Tuesday, June 22, 2021
Home Game The one game rating problem you really don't want to have

The one game rating problem you really don’t want to have


The following blog post, unless otherwise noted, was written by a member of Gamasutra’s community.
The thoughts and opinions expressed are those of the writer and not Gamasutra or its parent company.


 

[The GameDiscoverCo game discovery newsletter is written by ‘how people find your game’ expert & GameDiscoverCo founder Simon Carless, and is a regular look at how people discover and buy video games in the 2020s.]

We’re back in the place, with you, and with everybody. (Everybody in the place, let’s go!) And welcome to a world where the Epic-Apple lawsuit is still whispering urgently to you in the background – Superjoost has a great strategy-level overview. But we do actually need to talk about other things too.

So we’re leading off this newsletter with a granular issue that has come up a few times now – and needs more boosting. And it’s about video game ratings.

IARC’s great – but one big issue you want to avoid.

We’d had this on the list to discuss for a while, but The Colonists being the latest game to get pulled from Switch for age ratings issues allows us to talk about it more directly. There was also Megabyte Punch’s experience from 2020, as well as SmileBasic 4 and Jamestown, to give just a few examples. I personally know at least three other devs who had this issue in recent months.

Basically: IARC, the global age rating system for digital games, is an amazing way to get your titles approved. It’s made things so much easier when it comes to getting ratings simultaneously approved – for free, it used to cost money – across a number of global industry-run or government-linked national ratings boards (PEGI, ESRB, etc, etc.)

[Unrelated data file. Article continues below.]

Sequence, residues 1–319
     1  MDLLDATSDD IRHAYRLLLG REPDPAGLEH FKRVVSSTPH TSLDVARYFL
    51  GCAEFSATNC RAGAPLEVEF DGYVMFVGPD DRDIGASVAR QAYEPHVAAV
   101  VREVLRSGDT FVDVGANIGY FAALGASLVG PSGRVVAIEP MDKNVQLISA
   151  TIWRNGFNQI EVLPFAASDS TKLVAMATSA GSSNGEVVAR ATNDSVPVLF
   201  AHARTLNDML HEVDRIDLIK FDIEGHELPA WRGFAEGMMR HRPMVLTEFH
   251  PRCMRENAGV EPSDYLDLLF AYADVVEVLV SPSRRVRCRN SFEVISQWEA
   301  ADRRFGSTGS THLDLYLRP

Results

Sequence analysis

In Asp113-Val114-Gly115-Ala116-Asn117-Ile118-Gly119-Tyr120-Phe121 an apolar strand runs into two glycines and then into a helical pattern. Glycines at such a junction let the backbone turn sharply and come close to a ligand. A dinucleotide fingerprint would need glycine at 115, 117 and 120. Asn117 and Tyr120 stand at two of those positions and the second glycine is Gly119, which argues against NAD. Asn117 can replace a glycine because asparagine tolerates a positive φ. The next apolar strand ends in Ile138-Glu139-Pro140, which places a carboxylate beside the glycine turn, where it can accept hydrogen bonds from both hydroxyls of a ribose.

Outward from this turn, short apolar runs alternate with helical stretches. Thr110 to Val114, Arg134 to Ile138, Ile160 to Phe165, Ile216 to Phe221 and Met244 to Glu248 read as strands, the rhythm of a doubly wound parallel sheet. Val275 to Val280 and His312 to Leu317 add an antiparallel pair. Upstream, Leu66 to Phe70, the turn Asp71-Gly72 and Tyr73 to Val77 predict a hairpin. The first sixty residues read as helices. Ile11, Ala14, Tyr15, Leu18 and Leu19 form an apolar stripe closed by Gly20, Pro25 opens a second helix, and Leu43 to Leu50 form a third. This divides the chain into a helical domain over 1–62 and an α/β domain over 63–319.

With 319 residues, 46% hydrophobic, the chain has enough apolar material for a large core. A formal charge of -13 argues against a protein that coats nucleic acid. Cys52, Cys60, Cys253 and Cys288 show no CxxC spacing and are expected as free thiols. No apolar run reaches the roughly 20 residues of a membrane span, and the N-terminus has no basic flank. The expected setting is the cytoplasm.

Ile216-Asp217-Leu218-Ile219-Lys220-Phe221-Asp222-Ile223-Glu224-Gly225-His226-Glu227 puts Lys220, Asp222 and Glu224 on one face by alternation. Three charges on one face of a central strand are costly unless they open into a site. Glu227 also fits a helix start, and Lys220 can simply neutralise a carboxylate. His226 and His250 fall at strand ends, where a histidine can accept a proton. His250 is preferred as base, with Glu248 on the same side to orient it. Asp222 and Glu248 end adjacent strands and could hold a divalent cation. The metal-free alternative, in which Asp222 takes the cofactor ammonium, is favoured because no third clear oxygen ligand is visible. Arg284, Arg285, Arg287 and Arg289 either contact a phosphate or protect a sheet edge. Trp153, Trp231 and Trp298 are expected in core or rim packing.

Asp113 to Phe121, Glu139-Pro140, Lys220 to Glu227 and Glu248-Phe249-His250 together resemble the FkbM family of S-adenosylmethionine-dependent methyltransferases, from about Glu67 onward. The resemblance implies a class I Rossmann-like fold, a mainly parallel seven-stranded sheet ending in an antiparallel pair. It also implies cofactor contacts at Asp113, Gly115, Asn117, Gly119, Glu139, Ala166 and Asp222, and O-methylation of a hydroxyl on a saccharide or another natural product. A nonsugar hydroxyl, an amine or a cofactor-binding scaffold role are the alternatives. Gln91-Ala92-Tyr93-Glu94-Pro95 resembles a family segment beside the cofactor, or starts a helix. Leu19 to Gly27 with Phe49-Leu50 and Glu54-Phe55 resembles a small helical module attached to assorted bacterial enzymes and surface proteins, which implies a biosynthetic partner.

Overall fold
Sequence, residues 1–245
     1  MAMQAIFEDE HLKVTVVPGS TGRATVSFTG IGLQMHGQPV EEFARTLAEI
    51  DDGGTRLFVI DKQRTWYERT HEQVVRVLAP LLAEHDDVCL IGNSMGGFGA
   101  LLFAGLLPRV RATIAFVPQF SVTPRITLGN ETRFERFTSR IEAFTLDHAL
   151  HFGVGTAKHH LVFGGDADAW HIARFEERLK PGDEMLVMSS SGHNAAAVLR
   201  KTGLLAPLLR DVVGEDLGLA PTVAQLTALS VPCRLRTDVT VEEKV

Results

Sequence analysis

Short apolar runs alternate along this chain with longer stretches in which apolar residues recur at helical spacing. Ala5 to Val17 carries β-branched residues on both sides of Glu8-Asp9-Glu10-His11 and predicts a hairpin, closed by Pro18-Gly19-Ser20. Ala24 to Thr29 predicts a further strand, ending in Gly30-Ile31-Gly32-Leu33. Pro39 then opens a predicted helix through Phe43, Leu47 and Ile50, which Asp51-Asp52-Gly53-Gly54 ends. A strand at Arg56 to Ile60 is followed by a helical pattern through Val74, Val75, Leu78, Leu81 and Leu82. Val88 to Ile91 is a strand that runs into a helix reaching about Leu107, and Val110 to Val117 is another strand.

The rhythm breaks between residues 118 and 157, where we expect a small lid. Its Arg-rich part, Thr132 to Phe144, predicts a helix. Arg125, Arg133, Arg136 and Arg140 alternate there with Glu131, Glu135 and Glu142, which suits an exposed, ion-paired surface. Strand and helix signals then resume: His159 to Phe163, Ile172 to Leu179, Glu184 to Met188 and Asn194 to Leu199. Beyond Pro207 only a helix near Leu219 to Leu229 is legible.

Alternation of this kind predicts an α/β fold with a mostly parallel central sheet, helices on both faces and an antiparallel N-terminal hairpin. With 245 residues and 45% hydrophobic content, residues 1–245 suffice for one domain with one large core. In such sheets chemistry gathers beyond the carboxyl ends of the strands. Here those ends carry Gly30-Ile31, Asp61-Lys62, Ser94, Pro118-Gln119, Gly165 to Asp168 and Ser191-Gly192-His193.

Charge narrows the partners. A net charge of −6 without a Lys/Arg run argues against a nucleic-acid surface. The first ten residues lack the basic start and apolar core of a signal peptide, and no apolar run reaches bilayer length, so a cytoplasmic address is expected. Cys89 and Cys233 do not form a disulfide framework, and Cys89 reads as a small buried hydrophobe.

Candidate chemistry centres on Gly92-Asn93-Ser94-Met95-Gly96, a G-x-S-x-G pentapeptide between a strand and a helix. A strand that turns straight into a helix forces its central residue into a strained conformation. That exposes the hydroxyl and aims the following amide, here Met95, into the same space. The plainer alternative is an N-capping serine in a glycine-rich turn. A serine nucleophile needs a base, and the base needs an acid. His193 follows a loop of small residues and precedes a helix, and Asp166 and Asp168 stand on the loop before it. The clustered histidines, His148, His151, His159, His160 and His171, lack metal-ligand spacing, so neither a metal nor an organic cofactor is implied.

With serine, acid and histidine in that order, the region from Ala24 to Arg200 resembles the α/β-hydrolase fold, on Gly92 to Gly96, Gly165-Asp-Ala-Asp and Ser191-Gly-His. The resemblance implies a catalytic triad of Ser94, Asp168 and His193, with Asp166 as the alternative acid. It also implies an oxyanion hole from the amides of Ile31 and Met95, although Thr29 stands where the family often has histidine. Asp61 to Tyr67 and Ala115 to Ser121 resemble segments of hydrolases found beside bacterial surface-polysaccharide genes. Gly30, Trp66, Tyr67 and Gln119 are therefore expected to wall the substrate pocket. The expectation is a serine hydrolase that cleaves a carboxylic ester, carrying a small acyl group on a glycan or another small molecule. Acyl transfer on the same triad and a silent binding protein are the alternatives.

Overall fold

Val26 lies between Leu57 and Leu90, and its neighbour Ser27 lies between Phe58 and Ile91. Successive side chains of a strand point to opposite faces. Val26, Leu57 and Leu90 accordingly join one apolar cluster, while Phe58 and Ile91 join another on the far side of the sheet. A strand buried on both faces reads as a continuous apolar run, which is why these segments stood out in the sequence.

(BTW, the excellent Digital Antiquarian game history blog is just talking about the original set-up of the ESRB in 1993, for those interested in the history of ratings.)

Anyhow, submitting to IARC involves self-rating your own games. And it’s sometimes difficult to gauge how harsh you should be – devs and publishers will tend to drift towards lower ratings for their games, or perhaps forget a certain very specific scene/graphic is in it.

The problem: if IARC does a spot check on the game after release and finds something that bumps the age rating ‘significantly’, or if you get a different rating when you submit the game to another store? Then your IARC rating may become invalid until successful resubmission.

Some participating storefronts are relatively relaxed about what happens while you resubmit. But Nintendo – a particularly family-friendly company – will often remove your game from the store across Europe (in particular) or North America while you get it fixed. (And you have to pass Nintendo lotcheck again when resubmitting, so it can take a couple of weeks.)